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Title:From Kennedy to Nixon: American Political Mythology
Author(s):Bradley, Richard Mark
Doctoral Committee Chair(s):Frederic Jaher
Department / Program:History
Degree Granting Institution:University of Illinois at Urbana-Champaign
Abstract:The work discusses myths--particularly myths of royalty--as they expressed themselves in American society under Kennedy, Johnson and Nixon. Examining not only the nature of myth and legend, but their impact on politics, culture and society, the work is divided into three main parts. The first part examines Kennedy's assassination and the myths that grew from that event, paying close attention not only to the myths themselves, but also to how and why they were formed. It is shown that, after his death, Kennedy was perceived as the good king of Camelot who had died for his people. The second section examines the myth of the evil king that sprang up around Lyndon Johnson. It is shown that a major factor in the genesis of this myth was Johnson's reaction to Kennedy's death. In particular, Johnson's investigation of Kennedy's assassination gave birth to a culture of conspiracy in America. The last section shows how the myth of the evil king, in many ways only nascent under Johnson, came to fruition under Richard Nixon. The work ends with an examination of the lasting legacies of these myths in politics, culture and society.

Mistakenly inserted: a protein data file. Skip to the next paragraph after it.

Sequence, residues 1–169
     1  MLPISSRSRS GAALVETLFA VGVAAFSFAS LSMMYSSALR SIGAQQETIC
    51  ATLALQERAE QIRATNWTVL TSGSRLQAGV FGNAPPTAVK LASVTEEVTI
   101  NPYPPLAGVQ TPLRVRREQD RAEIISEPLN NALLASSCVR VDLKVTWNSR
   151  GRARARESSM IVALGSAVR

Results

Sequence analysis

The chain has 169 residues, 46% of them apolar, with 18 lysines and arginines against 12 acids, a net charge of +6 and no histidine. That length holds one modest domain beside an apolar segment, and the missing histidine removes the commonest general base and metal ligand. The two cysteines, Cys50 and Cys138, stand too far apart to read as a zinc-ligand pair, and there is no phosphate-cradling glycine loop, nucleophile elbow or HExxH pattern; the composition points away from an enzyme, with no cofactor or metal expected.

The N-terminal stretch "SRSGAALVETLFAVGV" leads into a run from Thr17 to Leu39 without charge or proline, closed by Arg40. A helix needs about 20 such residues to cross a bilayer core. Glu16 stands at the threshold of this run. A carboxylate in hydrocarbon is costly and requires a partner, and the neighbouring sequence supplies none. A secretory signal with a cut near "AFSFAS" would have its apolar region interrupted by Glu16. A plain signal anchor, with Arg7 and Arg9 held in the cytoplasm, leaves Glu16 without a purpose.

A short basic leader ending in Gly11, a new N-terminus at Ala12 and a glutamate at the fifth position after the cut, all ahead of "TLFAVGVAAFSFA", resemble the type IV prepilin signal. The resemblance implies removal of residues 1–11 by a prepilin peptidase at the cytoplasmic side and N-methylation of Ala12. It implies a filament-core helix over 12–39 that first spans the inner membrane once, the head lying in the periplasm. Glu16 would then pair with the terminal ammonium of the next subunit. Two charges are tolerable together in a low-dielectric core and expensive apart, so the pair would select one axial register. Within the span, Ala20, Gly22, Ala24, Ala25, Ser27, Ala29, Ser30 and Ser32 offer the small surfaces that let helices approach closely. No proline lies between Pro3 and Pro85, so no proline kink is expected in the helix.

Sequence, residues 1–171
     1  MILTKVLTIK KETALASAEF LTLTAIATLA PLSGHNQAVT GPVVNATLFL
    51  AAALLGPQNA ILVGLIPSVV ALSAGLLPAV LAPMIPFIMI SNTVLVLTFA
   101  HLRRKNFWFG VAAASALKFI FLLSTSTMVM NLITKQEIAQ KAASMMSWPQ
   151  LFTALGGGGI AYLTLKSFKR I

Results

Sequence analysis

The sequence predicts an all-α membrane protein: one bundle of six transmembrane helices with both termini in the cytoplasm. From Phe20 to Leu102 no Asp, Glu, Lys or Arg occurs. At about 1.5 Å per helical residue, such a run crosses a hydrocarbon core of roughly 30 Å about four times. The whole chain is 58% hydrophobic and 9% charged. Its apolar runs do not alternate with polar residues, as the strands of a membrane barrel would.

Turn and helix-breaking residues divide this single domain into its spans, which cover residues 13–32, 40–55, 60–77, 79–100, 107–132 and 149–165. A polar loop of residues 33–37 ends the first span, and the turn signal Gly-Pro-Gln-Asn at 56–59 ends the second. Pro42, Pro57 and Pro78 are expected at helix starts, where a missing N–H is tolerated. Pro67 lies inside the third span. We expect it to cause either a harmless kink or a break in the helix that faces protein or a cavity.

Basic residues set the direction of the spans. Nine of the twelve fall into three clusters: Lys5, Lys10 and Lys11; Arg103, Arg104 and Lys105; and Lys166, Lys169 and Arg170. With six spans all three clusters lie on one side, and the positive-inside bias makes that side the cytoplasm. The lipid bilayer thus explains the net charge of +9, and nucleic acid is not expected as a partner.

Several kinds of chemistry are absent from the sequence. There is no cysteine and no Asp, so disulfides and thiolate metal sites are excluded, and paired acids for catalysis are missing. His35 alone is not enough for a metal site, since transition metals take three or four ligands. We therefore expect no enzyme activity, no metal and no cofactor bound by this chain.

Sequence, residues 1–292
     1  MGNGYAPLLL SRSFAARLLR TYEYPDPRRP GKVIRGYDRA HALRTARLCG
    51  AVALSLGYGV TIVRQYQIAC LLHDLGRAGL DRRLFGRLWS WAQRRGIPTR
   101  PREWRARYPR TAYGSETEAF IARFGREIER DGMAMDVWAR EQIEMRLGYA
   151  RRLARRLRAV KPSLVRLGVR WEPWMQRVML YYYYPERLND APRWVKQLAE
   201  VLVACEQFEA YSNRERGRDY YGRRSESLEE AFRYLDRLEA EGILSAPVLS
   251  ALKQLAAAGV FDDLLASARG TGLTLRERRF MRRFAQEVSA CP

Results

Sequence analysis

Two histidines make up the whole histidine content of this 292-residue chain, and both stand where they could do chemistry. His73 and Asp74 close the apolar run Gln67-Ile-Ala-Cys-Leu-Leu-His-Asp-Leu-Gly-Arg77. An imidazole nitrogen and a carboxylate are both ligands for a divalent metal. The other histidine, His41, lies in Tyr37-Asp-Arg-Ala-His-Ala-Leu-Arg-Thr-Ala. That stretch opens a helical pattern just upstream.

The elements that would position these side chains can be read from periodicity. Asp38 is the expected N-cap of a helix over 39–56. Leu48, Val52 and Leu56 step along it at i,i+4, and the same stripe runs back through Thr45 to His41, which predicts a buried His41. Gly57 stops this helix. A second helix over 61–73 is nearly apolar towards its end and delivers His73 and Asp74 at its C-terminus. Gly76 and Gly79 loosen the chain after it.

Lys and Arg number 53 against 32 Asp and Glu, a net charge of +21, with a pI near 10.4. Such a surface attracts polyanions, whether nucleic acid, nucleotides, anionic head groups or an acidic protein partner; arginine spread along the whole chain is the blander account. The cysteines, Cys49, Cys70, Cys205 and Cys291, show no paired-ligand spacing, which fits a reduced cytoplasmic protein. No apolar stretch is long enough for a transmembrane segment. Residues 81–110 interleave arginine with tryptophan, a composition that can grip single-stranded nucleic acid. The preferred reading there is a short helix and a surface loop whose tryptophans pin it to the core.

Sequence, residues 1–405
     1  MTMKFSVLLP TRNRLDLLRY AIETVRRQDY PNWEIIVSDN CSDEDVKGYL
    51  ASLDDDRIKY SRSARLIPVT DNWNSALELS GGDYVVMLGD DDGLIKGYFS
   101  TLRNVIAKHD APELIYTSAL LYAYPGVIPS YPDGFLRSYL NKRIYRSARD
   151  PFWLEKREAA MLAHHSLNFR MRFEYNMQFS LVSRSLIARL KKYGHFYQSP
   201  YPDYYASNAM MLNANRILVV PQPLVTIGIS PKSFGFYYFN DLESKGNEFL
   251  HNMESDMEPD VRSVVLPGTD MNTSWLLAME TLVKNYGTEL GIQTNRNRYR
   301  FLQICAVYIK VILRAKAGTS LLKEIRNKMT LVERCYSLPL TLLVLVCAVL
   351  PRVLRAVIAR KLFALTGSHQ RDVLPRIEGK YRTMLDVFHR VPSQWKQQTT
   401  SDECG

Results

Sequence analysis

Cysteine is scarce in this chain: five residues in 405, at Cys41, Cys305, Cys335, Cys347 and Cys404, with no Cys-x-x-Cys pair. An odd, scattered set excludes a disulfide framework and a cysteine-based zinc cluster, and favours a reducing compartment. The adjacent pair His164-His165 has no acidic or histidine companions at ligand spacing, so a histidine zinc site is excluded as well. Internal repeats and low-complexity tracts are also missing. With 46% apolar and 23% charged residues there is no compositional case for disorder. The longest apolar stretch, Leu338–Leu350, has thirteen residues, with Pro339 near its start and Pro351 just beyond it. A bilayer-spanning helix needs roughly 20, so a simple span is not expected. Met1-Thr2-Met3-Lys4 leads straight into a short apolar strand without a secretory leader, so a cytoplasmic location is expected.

Issue Date:1997
Description:338 p.
Thesis (Ph.D.)--University of Illinois at Urbana-Champaign, 1997.
Other Identifier(s):(MiAaPQ)AAI9812539
Date Available in IDEALS:2015-09-25
Date Deposited:1997

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